“Curiously, one of Uber’s central arguments in the gig economy case against it relies on a previous ruling in favour of a strip club. In 2012, a topless dancer who worked at a Stringfellows club in London lost her claim of unfair dismissal at an employment tribunal. Nadine Quashie argued that working conditions at Stringfellows effectively made dancers employees, not self-employed. In its ruling, the tribunal found that Quashie’s dancing was ancillary to the main purpose of Stringfellows, which was viewed as a restaurant. Quashie and other dancers, the tribunal ruled, were provided with a marketplace to sell their services. Uber has claimed the same, albeit in this case the marketplace is taxis, not topless dancers.”

Very interesting exploration of how the so-called gig economy is just a new manifestation of an old problem, ie the exploitation of workers by companies that want to shirk their responsibilities as employers. Email to Pocket.

“This angst is visible in Day-Lewis’s expressive features, so that when he and Alma first lock eyes, it’s as if the sudden psychic shift in the weight of his heavy heart moves the room, causing her to stumble. From the simple directions given in Anderson’s screenplay (‘He looks at her. She looks at him.’), we know not whether the stagger—an exclamation point mark in a film of flowing gestures and punctilious edits—was staged, improvised, or accidental until we witness the breaking of what we might call the film’s sixth wall: The appearance of Woodcock’s mother’s ghost in a wide, static shot of his bedroom clues us into the fact that there’s indeed another plane of existence in Woodcock’s world—a land of the dead superimposed over that of the living, one that’s been having its way with him.”

I thought Phantom Thread was one of the best films I’ve seen in years, and this an excellent discussion of why it works so well. (Also, I am now 100 per cent obsessed with Jonny Greenwood’s soundtrack for the film, it is the only music I can work to.) Email to Pocket.

“The basic reason is simple: according to the data trackers at BuzzAngle Music, more than 99 per cent of audio streaming is of the top 10 per cent most-streamed tracks. Which means less than 1 percent of streams account for all other music. That makes streaming more concentrated at the top than current album or song sales. Of course, the most popular releases have always dominated the music market, but it seems these new services increase that disparity rather than reduce it. The rising tide is lifting only certain boats.”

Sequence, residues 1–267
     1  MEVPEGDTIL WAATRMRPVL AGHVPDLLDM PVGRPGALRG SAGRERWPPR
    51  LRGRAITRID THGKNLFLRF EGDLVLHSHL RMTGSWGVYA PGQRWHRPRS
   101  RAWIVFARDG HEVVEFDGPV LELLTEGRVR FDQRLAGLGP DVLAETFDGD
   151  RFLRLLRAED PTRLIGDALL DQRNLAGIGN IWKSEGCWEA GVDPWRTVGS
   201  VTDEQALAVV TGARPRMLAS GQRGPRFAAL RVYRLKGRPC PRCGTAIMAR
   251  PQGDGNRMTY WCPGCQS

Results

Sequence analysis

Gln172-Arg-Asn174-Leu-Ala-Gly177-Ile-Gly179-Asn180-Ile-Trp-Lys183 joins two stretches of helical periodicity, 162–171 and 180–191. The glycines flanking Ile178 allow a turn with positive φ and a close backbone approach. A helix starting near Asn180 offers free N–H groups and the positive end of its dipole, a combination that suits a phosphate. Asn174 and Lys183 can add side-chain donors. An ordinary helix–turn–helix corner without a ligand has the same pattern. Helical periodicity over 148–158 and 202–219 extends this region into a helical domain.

I liked this piece about the Spotify/music streaming disaster, because as well as outlining the problem, it also offers some practical tips for how a responsible fan can try and stem the tide of awfulness. Related: I would read a similar piece about buying books online. I mean, I would like to be able to search a comprehensive database and receive my order in the post quickly, but I also don’t want to give Amazon money to destroy publishing. Email to Pocket.

“Facebook says that they are building communities, but really they’re fracturing us. We are all on our own little news bubbles and on our own little islands. It’s also fracturing our own creative projects. The internet has turned into a place where you can’t have many different people speaking as one entity and expect those people to make a living. And to me, those are the most exciting, rewarding projects, and I can’t make those now. I am looking at the past with rose-colored glasses, but you can say categorically that the internet was a better place 3-4 years ago. It used to be fruitful, but it’s like a desert now.”